I became a regular napper years ago, when I was a freshman in college. I found closing my eyes for a chunk of time was the best way to escape the stressors of a jam-packed day. But while working corporate jobs during my 20s, I had no choice but to let those daily naps go. When I started to work from home during the pandemic, I noticed my entire routine was off. I was going to bed later, taking on even more stress, and just not feeling focussed during long workdays.
I wondered if I could revisit the idea of resting my head so that I could feel re-energized. While it seemed healthier than downing a midday cup of coffee the size of my forearm, I wondered if it would actually make me more productive or if I'd just feel even more drowsy throughout the day.
I decided to take on the challenge of forcing myself to take a nap during lunchtime every day for a week. At first, I found myself embarrassed to tell anyone. If people found out, would they think of me as a slacker? I hid this from anyone I worked with, set a 30-minute timer on my phone, and headed to my bed every day around noon.
I made sure to keep my napping habitat consistent, in hopes that I would be able to get proper shuteye during that time. I would turn off the lights in my room, put my phone on silent, and crank up the noise machine (to get white noise so it would be easier to fall asleep). I also blocked time off on my calendar to do this every day so that I didn't have to worry about any work interruptions.
By the second day of this experiment, I noticed these lunchtime naps impacted how awake I felt during the afternoon. Typically, by about 3 p.m. every day, I would reach for any caffeine I could find. But after my 30-minute naps, I no longer felt an urge to grab a cup of coffee and instead felt like I was able to power through the end of the day.
I no longer felt an urge to grab a cup of coffee and instead felt like I was able to power through the end of the day.
Sujay Kansagra, MD, director of Duke University's Pediatric Neurology Sleep Medicine Program, explained that the best time to nap is during the afternoon lull that occurs around 12 to 2 p.m. "Circadian rhythm refers to your internal clock that works to keep you awake during certain times of the day, while making you feel sleepy at other times," Dr. Kansagra told POPSUGAR. "The circadian rhythm takes a dip from 1 to 3 p.m., causing an afternoon slump in the workday, which is why most people blame their sleepiness on lunch."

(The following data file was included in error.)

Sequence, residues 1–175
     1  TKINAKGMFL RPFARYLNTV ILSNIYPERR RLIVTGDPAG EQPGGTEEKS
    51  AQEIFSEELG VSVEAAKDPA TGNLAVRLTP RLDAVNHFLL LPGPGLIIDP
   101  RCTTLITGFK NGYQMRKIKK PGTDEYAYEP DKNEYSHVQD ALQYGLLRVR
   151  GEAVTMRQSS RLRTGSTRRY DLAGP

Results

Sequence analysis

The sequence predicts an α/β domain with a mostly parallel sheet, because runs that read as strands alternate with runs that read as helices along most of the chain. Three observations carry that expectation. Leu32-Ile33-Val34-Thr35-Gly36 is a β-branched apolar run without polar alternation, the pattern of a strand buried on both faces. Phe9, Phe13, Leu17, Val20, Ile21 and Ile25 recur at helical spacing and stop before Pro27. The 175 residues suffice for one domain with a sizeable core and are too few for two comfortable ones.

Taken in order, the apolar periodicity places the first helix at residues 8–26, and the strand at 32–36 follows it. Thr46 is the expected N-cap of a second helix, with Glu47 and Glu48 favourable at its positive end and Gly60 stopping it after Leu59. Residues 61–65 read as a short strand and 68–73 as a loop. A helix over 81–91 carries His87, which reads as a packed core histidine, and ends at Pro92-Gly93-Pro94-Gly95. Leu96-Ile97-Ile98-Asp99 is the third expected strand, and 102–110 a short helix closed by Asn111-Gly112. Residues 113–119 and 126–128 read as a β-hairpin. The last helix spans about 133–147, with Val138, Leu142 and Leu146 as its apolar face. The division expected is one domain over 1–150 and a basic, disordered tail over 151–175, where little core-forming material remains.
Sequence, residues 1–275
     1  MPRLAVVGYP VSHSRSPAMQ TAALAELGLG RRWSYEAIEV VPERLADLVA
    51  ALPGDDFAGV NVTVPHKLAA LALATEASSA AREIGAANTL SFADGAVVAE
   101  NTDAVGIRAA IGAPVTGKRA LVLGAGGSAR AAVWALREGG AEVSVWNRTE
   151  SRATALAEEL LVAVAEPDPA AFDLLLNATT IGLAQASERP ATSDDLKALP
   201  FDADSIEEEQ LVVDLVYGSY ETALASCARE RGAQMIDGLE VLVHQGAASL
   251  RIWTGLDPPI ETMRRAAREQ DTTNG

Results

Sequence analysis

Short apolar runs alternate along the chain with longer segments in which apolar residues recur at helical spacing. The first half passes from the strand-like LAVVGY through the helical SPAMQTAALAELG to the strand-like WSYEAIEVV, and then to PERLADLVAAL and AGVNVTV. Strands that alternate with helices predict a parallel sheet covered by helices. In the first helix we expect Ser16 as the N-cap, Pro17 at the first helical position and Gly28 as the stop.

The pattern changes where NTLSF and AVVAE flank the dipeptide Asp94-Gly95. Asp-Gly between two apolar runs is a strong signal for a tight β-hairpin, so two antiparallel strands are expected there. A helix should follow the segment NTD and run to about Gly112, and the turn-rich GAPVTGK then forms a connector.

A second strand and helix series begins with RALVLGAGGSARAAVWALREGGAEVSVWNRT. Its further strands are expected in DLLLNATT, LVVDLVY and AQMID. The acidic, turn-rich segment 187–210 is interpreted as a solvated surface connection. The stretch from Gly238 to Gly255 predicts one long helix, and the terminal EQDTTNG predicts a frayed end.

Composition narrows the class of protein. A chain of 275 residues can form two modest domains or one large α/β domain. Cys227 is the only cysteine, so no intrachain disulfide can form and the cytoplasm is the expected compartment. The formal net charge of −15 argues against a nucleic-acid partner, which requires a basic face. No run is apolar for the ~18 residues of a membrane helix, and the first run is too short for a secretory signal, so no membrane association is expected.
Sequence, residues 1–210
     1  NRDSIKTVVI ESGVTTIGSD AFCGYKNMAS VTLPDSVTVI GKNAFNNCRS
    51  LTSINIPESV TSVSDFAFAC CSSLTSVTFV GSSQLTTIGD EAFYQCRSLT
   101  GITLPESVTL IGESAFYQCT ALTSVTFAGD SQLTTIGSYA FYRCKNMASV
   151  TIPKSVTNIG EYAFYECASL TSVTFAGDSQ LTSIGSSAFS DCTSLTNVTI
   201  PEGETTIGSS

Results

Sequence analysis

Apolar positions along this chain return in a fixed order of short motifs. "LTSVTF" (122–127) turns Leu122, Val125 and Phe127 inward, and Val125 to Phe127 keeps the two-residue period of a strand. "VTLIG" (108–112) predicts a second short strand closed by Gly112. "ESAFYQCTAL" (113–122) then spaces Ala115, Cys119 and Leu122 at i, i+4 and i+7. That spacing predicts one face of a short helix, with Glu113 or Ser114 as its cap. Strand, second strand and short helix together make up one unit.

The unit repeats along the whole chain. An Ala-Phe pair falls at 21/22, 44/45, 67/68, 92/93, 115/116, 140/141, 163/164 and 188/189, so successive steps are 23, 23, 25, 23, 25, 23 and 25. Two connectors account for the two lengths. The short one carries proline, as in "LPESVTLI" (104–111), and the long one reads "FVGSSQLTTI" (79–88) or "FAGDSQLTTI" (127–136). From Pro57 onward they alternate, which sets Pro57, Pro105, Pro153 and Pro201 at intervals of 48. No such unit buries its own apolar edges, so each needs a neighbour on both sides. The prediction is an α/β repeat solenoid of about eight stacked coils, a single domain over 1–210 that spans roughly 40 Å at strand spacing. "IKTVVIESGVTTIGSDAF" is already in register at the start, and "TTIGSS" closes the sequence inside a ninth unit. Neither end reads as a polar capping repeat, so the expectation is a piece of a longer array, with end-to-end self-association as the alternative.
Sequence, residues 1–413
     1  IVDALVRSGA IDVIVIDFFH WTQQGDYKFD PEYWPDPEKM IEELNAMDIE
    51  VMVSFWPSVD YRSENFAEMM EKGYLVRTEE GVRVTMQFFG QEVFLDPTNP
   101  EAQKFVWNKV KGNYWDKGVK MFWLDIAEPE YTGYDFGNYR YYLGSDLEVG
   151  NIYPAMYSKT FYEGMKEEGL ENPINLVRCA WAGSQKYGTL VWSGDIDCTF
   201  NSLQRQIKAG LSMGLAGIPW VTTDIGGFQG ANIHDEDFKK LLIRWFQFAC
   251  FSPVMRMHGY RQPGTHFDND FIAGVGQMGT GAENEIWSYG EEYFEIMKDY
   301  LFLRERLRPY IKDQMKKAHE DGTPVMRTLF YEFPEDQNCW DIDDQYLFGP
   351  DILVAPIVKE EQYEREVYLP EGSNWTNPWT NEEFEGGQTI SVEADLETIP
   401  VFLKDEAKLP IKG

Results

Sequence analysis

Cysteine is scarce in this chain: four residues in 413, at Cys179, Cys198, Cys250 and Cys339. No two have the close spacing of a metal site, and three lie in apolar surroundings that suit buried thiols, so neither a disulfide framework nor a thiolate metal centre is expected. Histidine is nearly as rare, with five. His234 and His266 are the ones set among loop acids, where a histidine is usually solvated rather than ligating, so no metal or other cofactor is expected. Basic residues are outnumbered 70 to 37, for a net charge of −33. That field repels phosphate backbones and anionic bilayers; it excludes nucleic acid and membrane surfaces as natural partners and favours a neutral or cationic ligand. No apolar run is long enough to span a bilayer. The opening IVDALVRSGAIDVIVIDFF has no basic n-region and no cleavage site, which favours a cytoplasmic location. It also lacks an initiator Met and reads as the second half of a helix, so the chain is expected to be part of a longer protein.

After catching some sleep during that natural window, I often felt focussed until at least 6 p.m., which is 90 minutes longer than I usually have the energy to keep working on a typical day.
I also started to notice a shift in my overall mood. It seemed like the daily power nap just made me feel better. The people around me, from my fiancé to my coworkers, started to notice a change in how I was acting. Even my memory seemed to improve, after taking a bit of a hit during the pandemic. In both cases, research shows I'm not alone in benefiting from those extra Zs. Studies suggest that sleep deprivation can alter your mood, while brief naps can help people recall details.
In the end, this challenge proved to me that napping benefited my life and productivity levels in so many ways. Will I make this part of my daily routine? No. Mostly because I won't always have the time to do this on a daily basis. But when my schedule allows or when a week gets too stressful, adding a nap into my schedule will be my go-to way of increasing my work ethic and decreasing my stress levels.